According to the FAA web site, one of the things you need in order to receive an Experimental special airworthiness certificate is an aircraft builder’s log. The aircraft builder’s log documents your build from start to finish, with a collection of notes and photos on what you did and when you did it. If it is also evidence that you built more than 51% of your project, you get a repairman’s certificate, too. There are no strict rules about what a log needs to contain, but in the end, it will be a document that you hand over to the FAA with all your other documents for getting your airworthiness certificate. Here are my 10 tips for creating and maintaining an aircraft builder’s log:
- Keep it simple. The simplest log is a three-ring binder or spiral-bound notebook. Each entry should include a date and a description of what was accomplished. Include photographs and be sure they are dated.
- Get a portable hanging file box and some hanging file folders. Keep your builder’s log, receipts, and photos in the box.
- A picture really is worth a thousand words, so save yourself a lot of spell checking and take plenty of photos. A smartphone or simple digital camera with a resolution of two megapixels or better will work just fine. Print and date your pictures.
- If you want a little more flexibility with your builder’s log, use a word processing or spreadsheet program to keep track of it. Spreadsheets will have two columns, and a word processing document will have a table with two columns: date and description. Remember, keep it simple.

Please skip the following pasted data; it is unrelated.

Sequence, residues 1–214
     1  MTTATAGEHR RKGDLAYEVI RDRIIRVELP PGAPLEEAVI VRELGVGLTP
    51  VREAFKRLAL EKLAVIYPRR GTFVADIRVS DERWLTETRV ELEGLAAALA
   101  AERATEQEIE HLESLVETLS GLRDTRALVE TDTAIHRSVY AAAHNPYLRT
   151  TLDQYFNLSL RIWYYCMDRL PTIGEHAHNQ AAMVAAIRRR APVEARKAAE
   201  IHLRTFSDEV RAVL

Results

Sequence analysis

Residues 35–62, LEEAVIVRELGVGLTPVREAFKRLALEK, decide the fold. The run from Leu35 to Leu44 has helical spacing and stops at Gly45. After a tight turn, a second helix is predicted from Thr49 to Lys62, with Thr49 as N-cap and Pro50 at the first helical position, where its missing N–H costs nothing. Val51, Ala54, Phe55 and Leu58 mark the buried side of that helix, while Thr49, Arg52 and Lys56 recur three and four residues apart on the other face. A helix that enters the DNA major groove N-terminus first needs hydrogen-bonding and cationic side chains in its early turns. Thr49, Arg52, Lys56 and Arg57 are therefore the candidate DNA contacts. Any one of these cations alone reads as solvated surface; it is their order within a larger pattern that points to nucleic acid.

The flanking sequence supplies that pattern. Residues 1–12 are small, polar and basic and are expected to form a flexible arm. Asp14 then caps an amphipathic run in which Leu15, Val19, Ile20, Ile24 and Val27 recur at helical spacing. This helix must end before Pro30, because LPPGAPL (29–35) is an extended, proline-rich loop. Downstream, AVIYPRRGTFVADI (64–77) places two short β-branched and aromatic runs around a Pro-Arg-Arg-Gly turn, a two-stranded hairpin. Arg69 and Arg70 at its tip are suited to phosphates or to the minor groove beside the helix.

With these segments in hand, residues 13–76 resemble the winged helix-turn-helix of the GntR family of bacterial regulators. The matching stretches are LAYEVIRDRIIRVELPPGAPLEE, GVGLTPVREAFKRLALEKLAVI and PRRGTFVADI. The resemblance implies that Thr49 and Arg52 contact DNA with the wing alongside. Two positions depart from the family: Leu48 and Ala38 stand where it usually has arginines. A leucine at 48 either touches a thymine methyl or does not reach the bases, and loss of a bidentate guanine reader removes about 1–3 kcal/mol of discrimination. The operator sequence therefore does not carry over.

- If you are using a computer, tablet, smartphone, or web site, be sure to back up your files and photos often. Save your work to a thumb drive and save it in your file folder box.
- Print out your log as you go and store the pages in your portable file box. Pictures can be printed in color or black and white. Three-ring binders work great for this.
- If you want to share your journey with others, consider blogging. A blog is short for “web log” that you write and share with the entire world. Check out sites like WordPress.com or Blogger.com for a free host for your blog.
- If you do blog, print out your blogs often and save them in your file folder box.
- Keep all your receipts as a part of your builder’s log, especially for items you bought used. One of these days, the tax man is going to come calling, and you will have all your costs documented and be able to show what taxes you already paid.
- If you do blog, be sure to document the good, the bad, and the ugly. Remember, others can learn from your mistakes.
Your builder’s log is evidence that you really built your plane, and it documents your journey. A simple handwritten notebook will work for you, but by sharing with others in a blog, you will promote industry growth and maybe prevent others from making your mistakes. Finally, be sure your face is in at least some of the photos.
David Boeshaar is a systems analyst for corporate Disney. A former mechanic, teacher, and computer help desk guru at a major university, he is now building a Van’s RV-9A for fun with his brother-in-law. As the new guy in aviation, Dave has learned lots, both good and expensive, and hopes to pass along a little help to the builders coming up behind him.